February is the perfect time to protect potted plants from the sun, tackle weeds and create a watering schedule. Here’s your summer gardening checklist
Your February gardening do-to list
+ While you’re moving potted plants into shade during the hot months, be sure to do the same with your worm farm.
+ Rather than the traditional roses of Valentine’s Day, why not give your beloved something more exotic this year, such as a gardenia plant? Those of us with warm, sheltered gardens are lucky to be able to grow these fragrant shrubs outside, although they’ll do well in pots in very frosty places. To keep them flowering well, spray leaves regularly with water and feed with liquid fertiliser. If yellow foliage is a problem, sprinkle iron chelates around the drip line and water in well.
+ Watering the garden may cost a bit more at this time of year, but a regular regime will save you money on lost plants. Avoid doing it in the evening if you can as wet leaves encourage fungal diseases on many plants. Early morning is best for watering so moisture can be absorbed into the soil before the sun dries it out.
+ Leaking hoses in automated watering systems can also crank up those water bills, so give everything a thorough check, particularly if going away. The spray nozzles and dripper holes can block up during winter as well.
+ If you want to grow more of them, leave the flowers on your favourite plants to set seed. Easy flowering plants to grow from seed include aquilegia, cosmos, dietes, helleborus, honesty, nasturtium, rengarenga lily and sweet peas. Keep seed dry and store in a paper bag somewhere cool. Don’t forget to label.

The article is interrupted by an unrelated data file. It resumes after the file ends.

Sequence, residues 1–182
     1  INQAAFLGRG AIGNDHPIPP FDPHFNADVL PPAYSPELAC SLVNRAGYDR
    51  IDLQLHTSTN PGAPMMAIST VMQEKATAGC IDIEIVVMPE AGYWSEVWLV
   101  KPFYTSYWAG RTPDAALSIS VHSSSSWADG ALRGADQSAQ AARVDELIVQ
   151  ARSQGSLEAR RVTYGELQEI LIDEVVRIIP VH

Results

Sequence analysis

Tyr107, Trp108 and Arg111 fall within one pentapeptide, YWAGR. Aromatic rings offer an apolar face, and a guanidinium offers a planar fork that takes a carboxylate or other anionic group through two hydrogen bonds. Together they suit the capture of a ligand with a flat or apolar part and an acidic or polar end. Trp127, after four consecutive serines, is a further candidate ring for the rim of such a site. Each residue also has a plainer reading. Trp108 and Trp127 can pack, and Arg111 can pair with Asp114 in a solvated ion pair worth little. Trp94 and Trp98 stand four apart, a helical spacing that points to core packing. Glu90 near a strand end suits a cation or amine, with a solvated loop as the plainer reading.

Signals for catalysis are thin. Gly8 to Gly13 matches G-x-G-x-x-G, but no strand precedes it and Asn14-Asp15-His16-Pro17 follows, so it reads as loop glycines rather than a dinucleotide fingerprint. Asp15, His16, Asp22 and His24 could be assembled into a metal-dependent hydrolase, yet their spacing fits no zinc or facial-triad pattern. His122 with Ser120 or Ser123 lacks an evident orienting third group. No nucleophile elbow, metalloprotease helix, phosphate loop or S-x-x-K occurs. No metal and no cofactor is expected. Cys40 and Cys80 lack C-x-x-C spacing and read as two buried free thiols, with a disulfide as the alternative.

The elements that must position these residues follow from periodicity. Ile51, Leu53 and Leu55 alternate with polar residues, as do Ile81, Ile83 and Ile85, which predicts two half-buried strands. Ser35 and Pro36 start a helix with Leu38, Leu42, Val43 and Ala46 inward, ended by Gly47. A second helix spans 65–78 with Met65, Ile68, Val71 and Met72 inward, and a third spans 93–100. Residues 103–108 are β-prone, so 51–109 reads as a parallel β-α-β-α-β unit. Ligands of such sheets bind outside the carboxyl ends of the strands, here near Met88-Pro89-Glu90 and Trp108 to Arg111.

+ As summer flowering finishes you can encourage more blooms by deadheading.
+ Caterpillars will be hatching out everywhere in gardens at this time of year. Check regularly for the progeny of white butterflies and other caterpillar pests as they can strip all the leaves off plants in a matter of days. Feed caterpillars to chooks or wild birds.
+ An organic method for keeping weeds out of gravel paths and driveways is to pour a little household salt or neat white vinegar onto them when they’re small. Don’t use this method for plants in garden beds as the salt and vinegar can linger in the soil, killing desirable plants.
+ Now is a good time to take cuttings from roses, fuchsia, hydrangeas and other woody shrubs. Use a clean, sharp knife and cut just below a leaf joint.
Topiary can add such a sculptural touch to the garden, but that clipping can play havoc with your body! Make the job easy and painless with these new cordless Stihl shrub shears with ultra sharp blades and a long-lasting lithium battery. Visit stihl.co.nz for stockists.
Words by: Carol Bucknell. Photography by: Nick Scott / bauersyndication.com.au.